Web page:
Why Local Craft Brewing Is Important: The Atrocity that is Budweiser Select 55

Why Local Craft Brewing Is Important: The Atrocity that is Budweiser Select 55

Left to his or her own devices, your local craft brewer will come up with things like amber beer brewed with sweet potatoes, rye IPA that's meant to complement a pastrami sandwich, or a revival of the California Common beer.

Left to their own devices, Anheuser-Busch came up with... whatever that is in the picture above.

I didn't buy this--a six-pack showed up at my house, probably as part of a dinner party. I don't know who brought it, and it frankly doesn't matter. The problem is this, though: I can't take it to a party or regift it because people will think I've lost my tastebuds, and I'm too cheap to pour beer, even beer barely worthy of the title, down the drain. So I drank it.

It was absolutely atrocious. It had almost no flavor; I'm trying to figure out what those 55 calories are made of, because they're certainly not made of anything resembling beer. It's the only beer in the world that tastes more insipid than the Grain Belt Primos I remember buying for 50 cents each in the taps of southern Minnesota. You couldn't even drink this ironically--PBR in a paper sack is a better choice for hipsters.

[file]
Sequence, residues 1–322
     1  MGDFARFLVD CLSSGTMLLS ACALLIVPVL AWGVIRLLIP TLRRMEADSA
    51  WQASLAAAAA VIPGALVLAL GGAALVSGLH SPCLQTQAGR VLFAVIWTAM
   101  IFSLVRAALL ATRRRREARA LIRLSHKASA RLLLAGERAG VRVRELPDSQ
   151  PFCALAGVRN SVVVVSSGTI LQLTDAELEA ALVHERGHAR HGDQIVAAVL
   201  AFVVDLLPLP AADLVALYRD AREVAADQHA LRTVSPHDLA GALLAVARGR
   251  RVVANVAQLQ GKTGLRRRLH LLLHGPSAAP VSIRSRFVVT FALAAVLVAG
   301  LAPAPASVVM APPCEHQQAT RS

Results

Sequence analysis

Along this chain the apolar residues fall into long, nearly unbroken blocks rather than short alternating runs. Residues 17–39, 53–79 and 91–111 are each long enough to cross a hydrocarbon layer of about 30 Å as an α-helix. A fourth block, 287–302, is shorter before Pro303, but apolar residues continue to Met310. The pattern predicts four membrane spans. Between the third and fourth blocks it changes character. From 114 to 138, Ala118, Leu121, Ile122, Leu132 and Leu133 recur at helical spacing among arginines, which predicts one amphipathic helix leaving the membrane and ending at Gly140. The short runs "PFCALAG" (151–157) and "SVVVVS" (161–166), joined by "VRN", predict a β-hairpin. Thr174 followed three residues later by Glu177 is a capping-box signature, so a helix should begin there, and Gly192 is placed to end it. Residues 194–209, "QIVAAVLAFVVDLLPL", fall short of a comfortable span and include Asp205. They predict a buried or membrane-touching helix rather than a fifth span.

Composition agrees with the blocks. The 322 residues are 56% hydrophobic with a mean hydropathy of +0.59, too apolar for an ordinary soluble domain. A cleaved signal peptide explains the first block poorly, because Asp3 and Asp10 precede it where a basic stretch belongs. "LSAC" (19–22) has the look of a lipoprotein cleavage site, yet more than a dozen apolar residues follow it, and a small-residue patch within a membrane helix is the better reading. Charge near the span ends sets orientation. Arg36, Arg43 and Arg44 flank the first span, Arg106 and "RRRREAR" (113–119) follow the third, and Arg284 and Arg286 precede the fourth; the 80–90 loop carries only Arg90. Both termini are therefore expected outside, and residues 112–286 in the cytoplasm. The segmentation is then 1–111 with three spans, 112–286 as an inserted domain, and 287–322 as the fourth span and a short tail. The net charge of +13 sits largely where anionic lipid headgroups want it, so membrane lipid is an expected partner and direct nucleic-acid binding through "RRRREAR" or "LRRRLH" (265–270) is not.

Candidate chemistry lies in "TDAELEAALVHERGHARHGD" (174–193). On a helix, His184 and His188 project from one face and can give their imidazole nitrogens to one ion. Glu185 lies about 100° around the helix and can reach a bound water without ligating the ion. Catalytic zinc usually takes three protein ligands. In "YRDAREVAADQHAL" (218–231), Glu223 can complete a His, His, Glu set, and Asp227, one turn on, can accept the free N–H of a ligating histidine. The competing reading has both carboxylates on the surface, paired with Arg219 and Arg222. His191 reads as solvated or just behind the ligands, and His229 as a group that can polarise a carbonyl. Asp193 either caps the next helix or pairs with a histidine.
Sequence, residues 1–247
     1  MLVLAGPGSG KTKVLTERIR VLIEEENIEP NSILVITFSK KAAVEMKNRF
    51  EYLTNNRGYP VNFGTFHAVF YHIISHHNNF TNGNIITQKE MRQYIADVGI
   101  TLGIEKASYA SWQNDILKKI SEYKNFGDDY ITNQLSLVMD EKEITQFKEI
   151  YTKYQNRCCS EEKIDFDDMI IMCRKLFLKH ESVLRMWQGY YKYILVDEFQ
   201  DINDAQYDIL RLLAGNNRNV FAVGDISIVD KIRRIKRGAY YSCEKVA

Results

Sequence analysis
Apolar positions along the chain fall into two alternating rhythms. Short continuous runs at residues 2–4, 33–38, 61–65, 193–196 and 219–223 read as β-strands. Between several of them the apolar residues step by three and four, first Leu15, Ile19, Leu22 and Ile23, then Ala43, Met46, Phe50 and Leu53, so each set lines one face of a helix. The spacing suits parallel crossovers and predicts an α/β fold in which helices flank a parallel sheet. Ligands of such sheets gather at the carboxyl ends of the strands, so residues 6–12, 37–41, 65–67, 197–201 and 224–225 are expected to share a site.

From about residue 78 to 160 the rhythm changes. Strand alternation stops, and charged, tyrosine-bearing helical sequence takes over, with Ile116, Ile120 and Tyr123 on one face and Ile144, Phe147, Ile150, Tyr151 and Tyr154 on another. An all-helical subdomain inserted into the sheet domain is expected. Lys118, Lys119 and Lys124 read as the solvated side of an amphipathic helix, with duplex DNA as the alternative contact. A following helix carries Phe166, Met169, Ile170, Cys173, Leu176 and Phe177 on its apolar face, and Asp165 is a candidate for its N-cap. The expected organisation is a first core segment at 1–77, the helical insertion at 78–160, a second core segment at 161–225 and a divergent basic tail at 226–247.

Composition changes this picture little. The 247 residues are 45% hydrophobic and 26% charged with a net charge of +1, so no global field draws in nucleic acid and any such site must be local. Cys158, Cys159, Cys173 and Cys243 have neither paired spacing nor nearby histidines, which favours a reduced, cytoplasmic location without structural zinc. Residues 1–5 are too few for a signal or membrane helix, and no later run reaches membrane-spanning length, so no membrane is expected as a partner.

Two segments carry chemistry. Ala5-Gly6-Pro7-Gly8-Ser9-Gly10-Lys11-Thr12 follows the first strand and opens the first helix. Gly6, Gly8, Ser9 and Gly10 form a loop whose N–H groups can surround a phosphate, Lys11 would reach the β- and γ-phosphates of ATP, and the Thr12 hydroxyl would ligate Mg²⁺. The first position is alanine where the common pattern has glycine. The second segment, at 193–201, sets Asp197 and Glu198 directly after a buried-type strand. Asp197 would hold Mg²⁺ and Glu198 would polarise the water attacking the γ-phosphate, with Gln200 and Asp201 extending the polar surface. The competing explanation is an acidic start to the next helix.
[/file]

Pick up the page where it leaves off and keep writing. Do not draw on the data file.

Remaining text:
I'd call Select 55 beer-flavored soda, except that if someone were designing a soda to taste like beer, it would taste more like beer than Select 55. Hell, Miller High Life tastes more than beer than this. The most accurate description I could give this would be Perrier with a twist of beer.

Bad as it was, this did serve one important function--to make me grateful for the growler glasses lined up on the shelf in my kitchen, waiting to be filled with incomparably better beer.

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